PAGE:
What Happens If Domestic Partners or Unmarried Couples Decide to Split?
In the United States, according to the 2010 census, 7.5 million couples are living together without being married. Some of those couples obviously reside in the state of Georgia. Unmarried couples who live together are not afforded benefits that are generally afforded to spouses, like healthcare or retirement benefits. If one has a medical crisis, the other is not considered next of kin and will not be the one to make important healthcare decisions.
If an unmarried couple, who are not legally domestic partners, decides to split up, they still need to make the same decision as divorcing couples. But, different rules apply. Obviously, the divorce laws do not apply to these situations. However, the Court has certain equitable powers to resolve these often complicated scenarios.
Unmarried Couples Who Have Children: Establishing Paternity, Custody & Support
In the instance where an unmarried couple has one or more minor children, the mother has sole legal and physical custody until the Court issues a final order of legitimation. Yet, the father may still be required to pay child support through the Division of Child Support Services.
If father wants to obtain a final order establishing custody, parenting time and child support, the father must file a petition for legitimation in the Superior Court of the County in which the mother or the minor children live. The Court must then establish paternity by:
- Court ordered DNA testing.
- The mother and father execute written and notarized documents admitting to paternity.
- The mother and father admit to paternity in open court.
Once paternity has been established, the Court will decide custody, parenting time and child support for the minor child or children. This determination will be based upon the best interest of the child or children. The same 17 factors the Court considers when determining custody between divorcing parents will be applied to determining appropriate custody of children of unmarried parents.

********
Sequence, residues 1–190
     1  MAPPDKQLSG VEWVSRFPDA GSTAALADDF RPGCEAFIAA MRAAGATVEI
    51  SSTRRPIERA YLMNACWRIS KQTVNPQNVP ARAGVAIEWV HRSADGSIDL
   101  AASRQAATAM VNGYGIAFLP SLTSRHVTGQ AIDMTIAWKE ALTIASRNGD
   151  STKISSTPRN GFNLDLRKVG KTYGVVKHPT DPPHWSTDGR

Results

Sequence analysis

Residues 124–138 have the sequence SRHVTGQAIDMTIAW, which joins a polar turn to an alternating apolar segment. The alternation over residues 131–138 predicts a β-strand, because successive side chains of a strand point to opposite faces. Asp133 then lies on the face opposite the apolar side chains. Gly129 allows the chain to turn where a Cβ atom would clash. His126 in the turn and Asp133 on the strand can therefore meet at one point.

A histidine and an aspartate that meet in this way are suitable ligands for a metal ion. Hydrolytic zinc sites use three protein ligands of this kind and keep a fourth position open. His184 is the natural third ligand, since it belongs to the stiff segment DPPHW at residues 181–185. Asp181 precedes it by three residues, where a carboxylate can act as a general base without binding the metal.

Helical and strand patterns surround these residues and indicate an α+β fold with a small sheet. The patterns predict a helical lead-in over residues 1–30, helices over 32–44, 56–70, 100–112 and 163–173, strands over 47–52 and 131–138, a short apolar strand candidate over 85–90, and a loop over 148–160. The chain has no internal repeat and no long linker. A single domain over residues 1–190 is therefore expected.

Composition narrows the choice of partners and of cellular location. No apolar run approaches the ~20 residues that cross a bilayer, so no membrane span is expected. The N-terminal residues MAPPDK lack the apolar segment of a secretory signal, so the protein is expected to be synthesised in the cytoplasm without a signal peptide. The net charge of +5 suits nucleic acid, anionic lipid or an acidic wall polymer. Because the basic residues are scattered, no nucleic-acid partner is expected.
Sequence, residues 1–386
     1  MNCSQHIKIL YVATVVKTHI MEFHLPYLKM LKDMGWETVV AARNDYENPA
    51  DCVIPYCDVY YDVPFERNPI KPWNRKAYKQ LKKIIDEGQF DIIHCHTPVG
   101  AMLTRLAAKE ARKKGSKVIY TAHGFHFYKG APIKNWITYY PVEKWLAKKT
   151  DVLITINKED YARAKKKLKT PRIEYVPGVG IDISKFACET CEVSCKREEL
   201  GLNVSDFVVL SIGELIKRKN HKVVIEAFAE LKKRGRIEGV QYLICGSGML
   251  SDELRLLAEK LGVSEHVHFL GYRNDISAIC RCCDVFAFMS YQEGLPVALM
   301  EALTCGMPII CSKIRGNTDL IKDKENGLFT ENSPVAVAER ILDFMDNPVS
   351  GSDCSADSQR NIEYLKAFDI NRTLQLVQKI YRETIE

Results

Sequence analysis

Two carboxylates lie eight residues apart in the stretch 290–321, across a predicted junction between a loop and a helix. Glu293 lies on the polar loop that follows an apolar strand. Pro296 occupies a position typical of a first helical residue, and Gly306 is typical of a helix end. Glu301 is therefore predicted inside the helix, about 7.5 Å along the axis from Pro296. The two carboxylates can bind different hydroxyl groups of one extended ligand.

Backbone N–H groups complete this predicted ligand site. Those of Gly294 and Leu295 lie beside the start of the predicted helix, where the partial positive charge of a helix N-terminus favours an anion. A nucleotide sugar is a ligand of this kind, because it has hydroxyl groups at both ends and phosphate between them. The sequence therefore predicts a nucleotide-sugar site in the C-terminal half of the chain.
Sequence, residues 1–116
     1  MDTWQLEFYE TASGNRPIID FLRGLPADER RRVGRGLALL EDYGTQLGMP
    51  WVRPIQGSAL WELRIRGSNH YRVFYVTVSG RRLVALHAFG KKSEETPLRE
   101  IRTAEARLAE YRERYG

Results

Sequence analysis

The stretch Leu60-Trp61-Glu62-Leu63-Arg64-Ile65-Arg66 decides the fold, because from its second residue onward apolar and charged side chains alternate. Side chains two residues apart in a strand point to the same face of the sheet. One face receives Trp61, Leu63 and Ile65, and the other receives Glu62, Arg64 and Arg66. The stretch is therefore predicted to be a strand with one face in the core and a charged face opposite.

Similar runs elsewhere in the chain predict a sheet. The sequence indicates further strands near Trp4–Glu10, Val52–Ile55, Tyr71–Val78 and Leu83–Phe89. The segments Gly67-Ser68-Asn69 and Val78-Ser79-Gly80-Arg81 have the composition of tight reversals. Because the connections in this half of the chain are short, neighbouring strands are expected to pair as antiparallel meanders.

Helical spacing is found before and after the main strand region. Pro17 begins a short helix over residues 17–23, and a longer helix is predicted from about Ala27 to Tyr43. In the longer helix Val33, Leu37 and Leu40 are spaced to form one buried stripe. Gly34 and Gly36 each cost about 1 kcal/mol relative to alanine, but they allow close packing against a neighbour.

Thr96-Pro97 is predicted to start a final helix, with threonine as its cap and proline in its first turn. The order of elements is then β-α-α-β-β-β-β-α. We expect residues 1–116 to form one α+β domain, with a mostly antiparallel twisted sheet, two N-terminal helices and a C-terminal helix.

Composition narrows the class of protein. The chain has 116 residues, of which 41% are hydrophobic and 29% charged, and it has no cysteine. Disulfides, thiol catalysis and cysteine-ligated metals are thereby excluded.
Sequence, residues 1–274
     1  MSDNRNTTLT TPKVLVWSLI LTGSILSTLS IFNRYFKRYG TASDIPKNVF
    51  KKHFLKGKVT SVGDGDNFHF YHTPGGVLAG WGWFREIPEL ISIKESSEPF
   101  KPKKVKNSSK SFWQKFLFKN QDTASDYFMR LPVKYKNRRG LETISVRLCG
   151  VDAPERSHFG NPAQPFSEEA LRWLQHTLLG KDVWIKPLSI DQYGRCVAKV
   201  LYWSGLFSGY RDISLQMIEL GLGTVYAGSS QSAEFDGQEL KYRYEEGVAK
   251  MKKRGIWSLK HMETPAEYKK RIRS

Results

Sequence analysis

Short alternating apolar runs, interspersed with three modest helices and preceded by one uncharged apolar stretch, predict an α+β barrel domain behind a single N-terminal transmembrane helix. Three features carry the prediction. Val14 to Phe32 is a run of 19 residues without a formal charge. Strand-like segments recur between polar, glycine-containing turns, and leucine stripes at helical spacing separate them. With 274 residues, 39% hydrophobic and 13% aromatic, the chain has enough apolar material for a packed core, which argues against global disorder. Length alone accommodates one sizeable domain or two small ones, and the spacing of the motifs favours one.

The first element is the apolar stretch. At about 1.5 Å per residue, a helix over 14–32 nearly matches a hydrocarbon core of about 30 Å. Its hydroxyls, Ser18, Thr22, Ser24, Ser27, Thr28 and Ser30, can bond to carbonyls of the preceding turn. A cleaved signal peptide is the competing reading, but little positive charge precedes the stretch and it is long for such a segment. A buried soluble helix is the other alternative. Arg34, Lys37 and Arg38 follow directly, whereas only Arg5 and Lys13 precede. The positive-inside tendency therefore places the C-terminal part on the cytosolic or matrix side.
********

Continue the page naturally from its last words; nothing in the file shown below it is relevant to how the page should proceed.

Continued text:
Unmarried Couples and Property Division
In the instance where an unmarried couple has real or personal property that was brought into the relationship, or was acquired during the relationship, the property must be divided. For divorcing couples, this is known as equitable division of property. If there are existing documents or other evidence proving an unmarried couple owns property together, it will be divided through a process known as “Equitable Partition of Property.” This legal process is derived from O.C.G.A. §44-6-140 and the Supreme Court of Georgia’s opinion in O’Connor v. Bielski, issued in 2010.
Division of real property
If both parties’ names appear on a deed, the value of the property will be partitioned between them. In O’Connor, real property owned jointly by an unmarried couple was sold. The court initially divided the proceeds in half and then adjusted the amount awarded to each party based on the expenses each had incurred and rents one party had received that had not been shared with the other.
Division of personal property
In a divorce situation, all assets accumulated by the couple during the course of the marriage are considered marital property. This includes the furniture, art work, vehicles and even pets. When they divorce, the court evaluates the value of the property and divides it equitably, which is in a manner the court deems fair.
When an unmarried couple separates, there is no divorce process so no court involvement in the division of the personal property acquired by the couple during the course of their time living together. If the couple has a contract specifically delineating which one of them owns the property, or how they believe the ownership of the property is determined, the court will generally honor the contract. Otherwise, the couple is on their own. Although they may end up fighting in court over the ownership of certain property items, it will be through a purely civil or equitable claim.
If one party in the unmarried relationship contributed inheritance money to a joint account, the Court will likely return the inheritance money to the person that inherited it. The same is generally true of money awarded one party in a personal injury lawsuit. The award will be considered the personal property of the injured person.
Neither party will be entitled to alimony following the split. A request for alimony is limited to divorcing couples.
If you are separating from a domestic partner or a partner with whom you have been cohabiting, you need to protect your financial and parental interests. Contact an experienced family law attorney who will answer your questions and provide you the guidance you need. You may contact Georgia Trial Attorneys at Kirchen & Grant, LLC for a free consultation.